At the beginning of each spring and summer month, I have included a wildflower calendar which lists blooming dates for hundreds of wildflowers in an average Yellow Springs season. Although the flora of the eastern and central United States is hardly limited to the species mentioned here, the flowers listed are common enough to provide easily recognized landmarks for gauging the advance of the year at almost any location; with such a point of reference and monthly temperature averages, a serious dandelion watcher in Yellow Springs, in Maine or in Arkansas can keep in touch with probable conditions throughout much of the country.
—Daybook: The daybook journal consists of my notes on what I saw happening around me in Yellow Springs between 1979 and 2015. It is a collection of observations made from the window of my car and from my walks in Glen Helen, in other parks and wildlife areas within a few miles of my home, and on occasional trips. It is a record that anyone with a few guidebooks could make, and it includes just a few of the natural markers that anyone might discover.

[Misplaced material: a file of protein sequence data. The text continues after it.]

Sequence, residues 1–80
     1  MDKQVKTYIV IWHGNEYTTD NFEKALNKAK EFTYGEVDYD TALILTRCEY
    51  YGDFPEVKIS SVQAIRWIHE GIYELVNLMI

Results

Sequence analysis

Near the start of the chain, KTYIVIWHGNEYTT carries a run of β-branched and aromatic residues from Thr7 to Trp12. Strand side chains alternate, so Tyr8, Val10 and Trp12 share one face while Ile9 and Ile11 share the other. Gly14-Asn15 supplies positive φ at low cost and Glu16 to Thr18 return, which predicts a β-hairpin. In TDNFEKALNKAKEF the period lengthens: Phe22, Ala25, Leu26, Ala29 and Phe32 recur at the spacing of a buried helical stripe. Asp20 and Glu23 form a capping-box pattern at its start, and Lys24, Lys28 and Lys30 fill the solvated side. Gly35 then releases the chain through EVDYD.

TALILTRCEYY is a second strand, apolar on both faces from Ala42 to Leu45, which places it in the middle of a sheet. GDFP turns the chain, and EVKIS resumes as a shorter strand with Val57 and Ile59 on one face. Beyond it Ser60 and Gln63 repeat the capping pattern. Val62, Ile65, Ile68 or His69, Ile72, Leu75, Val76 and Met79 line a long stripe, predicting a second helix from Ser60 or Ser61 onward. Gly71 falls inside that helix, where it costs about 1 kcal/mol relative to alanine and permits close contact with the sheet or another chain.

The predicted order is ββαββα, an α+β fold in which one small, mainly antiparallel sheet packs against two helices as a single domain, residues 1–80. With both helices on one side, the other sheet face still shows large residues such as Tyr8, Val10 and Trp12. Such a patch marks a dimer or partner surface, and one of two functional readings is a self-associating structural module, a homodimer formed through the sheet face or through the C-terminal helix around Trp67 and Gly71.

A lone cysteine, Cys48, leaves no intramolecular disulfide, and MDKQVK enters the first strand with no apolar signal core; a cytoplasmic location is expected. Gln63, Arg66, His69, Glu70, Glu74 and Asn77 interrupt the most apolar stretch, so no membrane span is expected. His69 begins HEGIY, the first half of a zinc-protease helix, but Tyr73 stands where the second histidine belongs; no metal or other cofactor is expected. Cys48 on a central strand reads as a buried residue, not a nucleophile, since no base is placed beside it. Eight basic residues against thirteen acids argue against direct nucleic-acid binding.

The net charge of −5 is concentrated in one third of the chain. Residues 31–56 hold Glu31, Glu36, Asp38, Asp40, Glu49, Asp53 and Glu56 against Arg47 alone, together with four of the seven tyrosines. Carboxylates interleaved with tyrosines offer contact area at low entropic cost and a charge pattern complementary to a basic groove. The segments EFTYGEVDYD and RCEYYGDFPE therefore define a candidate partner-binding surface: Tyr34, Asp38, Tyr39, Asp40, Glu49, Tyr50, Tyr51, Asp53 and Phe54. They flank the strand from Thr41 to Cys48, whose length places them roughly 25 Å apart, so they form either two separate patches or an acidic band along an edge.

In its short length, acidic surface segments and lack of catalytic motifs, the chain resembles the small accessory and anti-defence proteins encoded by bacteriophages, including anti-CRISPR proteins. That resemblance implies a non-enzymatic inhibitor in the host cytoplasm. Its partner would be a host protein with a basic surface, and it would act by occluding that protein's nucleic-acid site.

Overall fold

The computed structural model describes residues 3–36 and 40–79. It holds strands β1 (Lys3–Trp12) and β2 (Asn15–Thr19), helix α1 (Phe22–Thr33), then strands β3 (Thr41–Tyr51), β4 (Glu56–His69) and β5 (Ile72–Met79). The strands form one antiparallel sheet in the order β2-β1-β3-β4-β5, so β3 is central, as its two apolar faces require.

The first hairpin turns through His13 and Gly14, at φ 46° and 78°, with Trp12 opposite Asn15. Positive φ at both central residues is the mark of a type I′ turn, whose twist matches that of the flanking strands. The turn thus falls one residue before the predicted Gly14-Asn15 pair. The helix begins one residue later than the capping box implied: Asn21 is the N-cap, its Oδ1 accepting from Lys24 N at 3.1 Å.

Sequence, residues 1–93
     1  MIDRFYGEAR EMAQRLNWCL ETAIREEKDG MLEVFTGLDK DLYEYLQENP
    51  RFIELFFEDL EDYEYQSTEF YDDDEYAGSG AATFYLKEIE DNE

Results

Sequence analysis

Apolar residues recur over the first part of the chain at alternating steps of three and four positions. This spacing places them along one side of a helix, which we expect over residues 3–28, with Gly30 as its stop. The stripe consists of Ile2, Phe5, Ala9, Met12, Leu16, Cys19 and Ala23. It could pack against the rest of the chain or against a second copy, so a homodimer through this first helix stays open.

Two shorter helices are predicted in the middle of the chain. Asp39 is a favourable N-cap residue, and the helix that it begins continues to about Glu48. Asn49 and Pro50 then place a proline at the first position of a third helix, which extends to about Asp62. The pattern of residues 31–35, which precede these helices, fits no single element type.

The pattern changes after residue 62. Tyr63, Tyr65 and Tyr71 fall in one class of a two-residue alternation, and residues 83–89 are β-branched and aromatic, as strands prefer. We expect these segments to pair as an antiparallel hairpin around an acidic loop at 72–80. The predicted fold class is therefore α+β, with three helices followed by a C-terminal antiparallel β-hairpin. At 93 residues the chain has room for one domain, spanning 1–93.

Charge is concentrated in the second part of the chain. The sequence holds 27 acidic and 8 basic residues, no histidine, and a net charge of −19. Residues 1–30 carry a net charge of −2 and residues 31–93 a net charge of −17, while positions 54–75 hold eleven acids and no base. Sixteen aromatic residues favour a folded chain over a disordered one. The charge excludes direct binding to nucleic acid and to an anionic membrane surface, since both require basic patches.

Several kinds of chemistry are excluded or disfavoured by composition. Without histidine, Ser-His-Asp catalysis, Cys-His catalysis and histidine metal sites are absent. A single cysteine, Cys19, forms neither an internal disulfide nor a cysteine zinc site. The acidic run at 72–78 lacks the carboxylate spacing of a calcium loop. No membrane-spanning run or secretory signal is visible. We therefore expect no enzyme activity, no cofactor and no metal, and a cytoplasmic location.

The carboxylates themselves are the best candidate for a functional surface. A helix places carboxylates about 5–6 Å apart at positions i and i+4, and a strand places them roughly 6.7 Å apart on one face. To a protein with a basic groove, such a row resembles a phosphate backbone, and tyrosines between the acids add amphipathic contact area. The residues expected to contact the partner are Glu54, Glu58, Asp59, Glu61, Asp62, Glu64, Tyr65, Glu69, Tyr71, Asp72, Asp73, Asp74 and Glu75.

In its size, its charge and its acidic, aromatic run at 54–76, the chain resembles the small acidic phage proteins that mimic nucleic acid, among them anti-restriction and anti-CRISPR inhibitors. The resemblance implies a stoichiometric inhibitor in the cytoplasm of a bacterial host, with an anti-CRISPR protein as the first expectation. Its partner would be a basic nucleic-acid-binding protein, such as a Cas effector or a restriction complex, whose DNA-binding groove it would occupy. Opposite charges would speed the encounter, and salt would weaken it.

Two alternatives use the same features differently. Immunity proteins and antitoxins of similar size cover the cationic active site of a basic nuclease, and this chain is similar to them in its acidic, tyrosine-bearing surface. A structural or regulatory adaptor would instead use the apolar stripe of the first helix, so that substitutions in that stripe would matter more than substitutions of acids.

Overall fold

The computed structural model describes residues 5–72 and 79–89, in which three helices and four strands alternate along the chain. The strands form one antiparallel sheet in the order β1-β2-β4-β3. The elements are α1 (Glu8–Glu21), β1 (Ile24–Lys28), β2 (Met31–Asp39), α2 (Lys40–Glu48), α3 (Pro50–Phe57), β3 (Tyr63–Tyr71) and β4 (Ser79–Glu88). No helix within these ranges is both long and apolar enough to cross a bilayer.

The cumulative format of the journal, which brings together all of the annual entries for the same day, has shown me the regularity of the changes in the seasons, and it fleshes out a broad, slow picture of each segment of the year. The repetitions of similar observations are included as I originally put them in my notebook because of the lessons they taught me, that each portion of the year is remarkably similar to that same portion each year, and that the differences can easily be measured by any number of plants, birds, and insects.
Each piece of information is a particle of each season, without which fragments there would be no visible year at all; together the pieces demonstrate to me that the year truly is the sum of its parts; the more parts one can identify, and the more years one can add to the mix, the more the whole becomes. The daily cumulative record has also taught me something that my life has taught me too, that years and days and seasons eventually blend together, becoming unified and whole, one spring or summer standing for all those springs and summers that came before and all that will follow, and, in some ways, one day even standing for and somehow actually turning into every day.